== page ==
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- GDP (PPP):
- $0.6 billion
- 4.5% growth
- 4.4% 5-year compound annual growth
- $3,153 per capita
- Inflation (CPI):
- FDI Inflow:
São Tomé and Príncipe’s economic growth has been driven by cocoa production and a nascent tourism sector. Strong cocoa exports, increased foreign direct investment, and donor-financed infrastructure projects have propelled expansion of the small island economy in recent years. However, the pace of poverty reduction has been slow.
Economic Freedom Snapshot
- 2016 Economic Freedom Score: 56.7 (up 3.4 points)
- Economic Freedom Status: Mostly Unfree
- Global Ranking: 120th
- Regional Ranking: 22nd in Sub-Saharan Africa
- Notable Successes: Trade Freedom
- Concerns: Property Rights, Corruption, and Investment Freedom
- Overall Score Change Since 2012: +6.5
Structural reforms to boost government efficiency and strengthen public financial management have been undertaken, but institutionalized weaknesses continue to strain São Tomé and Príncipe’s economic development. A burdensome and inefficient bureaucracy hampers entrepreneurial dynamism. Pervasive corruption increases the cost of forming or operating businesses, and the judicial system is not strong enough to defend property rights effectively.
Manual Pinto da Costa, who served as president for 15 years following independence from Portugal in 1975, was elected again in 2011. In 2014, Patrice Trovoada assumed the post of prime minister after two previous brief stints in the position. São Tomé’s economy, one of Africa’s smallest, is based on agriculture and is highly vulnerable to external shocks as it imports most commodities. Cocoa production, an economic mainstay, has declined in recent years, but the country has tourism potential. São Tomé is dependent on foreign assistance and received $200 million in debt relief in 2000. It is developing oil fields in the Gulf of Guinea jointly with Nigeria, but production will not begin for several years.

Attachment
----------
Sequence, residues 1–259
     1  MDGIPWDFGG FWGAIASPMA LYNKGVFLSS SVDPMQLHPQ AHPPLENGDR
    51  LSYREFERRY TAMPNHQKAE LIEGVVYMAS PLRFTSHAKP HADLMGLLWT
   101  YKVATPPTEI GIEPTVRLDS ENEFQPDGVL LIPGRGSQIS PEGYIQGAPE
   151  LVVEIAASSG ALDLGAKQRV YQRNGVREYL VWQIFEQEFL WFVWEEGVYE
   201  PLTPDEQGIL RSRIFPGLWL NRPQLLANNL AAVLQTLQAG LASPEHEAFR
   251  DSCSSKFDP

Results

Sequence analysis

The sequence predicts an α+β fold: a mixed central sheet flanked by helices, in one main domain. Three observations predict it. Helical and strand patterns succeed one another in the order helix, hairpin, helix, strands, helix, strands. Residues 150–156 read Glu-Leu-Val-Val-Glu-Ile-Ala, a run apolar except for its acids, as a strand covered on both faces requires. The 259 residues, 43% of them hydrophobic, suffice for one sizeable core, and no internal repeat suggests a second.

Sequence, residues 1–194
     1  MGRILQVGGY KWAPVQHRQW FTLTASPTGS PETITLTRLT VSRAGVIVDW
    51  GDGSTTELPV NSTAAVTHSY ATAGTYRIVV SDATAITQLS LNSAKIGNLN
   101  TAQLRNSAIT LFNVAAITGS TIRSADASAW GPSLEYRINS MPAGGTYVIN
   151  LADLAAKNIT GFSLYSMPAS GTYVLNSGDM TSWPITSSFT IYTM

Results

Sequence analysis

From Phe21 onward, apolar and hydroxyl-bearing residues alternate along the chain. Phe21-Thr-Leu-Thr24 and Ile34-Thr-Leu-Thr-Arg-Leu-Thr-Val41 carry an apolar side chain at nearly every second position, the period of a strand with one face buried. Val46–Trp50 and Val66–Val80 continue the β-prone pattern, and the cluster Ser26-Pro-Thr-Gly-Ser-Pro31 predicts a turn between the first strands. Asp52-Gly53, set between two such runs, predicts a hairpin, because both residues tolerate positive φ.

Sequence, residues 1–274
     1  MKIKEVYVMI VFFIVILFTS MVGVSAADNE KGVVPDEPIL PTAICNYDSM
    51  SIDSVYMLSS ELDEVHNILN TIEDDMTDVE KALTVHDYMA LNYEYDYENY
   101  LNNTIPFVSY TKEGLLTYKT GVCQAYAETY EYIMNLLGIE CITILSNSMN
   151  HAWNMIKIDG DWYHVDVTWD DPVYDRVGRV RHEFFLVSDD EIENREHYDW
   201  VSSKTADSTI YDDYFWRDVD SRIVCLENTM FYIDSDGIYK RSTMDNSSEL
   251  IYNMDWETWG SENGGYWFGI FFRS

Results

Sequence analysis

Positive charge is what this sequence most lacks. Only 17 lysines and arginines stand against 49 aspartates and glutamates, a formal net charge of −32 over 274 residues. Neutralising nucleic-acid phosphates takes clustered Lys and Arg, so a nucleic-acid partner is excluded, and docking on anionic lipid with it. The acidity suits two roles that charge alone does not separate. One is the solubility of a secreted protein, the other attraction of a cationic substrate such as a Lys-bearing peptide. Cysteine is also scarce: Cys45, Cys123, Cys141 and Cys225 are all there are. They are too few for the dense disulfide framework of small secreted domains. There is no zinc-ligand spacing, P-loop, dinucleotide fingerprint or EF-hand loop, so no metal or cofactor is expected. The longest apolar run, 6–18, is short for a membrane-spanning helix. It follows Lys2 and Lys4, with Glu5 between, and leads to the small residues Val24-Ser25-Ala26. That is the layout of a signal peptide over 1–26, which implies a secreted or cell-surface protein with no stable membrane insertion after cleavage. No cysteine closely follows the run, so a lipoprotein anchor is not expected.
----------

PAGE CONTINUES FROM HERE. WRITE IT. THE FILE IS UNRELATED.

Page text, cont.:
The government has undertaken numerous reforms in recent years, but a 2015 report by the country’s Auditor Court revealed persistent financial irregularities across the public sector. Widespread impunity for corrupt officials has weakened the fight against graft and mismanagement of public funds. The judiciary is independent but weak and susceptible to political influence. Property rights are not protected effectively.
The top personal income tax rate is 20 percent, and the corporate tax rate is a flat 25 percent. Other taxes include a sales tax and a dividend tax. The overall tax burden equals 15.2 percent of total domestic income. Government spending amounts to 31.6 percent of total domestic output. The budget has been in deficit, and public debt equals about 70 percent of annual domestic output.
The time needed to start a company has been reduced to seven days, but licensing requirements remain costly. Informal labor activity remains significant. Although world oil prices have fluctuated widely, the government has not changed retail fuel prices since 2010; the implicit subsidy arising from the difference between retail fuel prices and actual supply costs during that time is estimated to equal 13 percent of GDP.
The average tariff rate for São Tomé and Príncipe, a member of the Economic Community of Central African States, was 8.5 percent as of 2012. Imports of pork are not allowed. Domestic and foreign investors are generally treated equally under the law. The underdeveloped financial sector does not provide much access to banking services for a large portion of the population.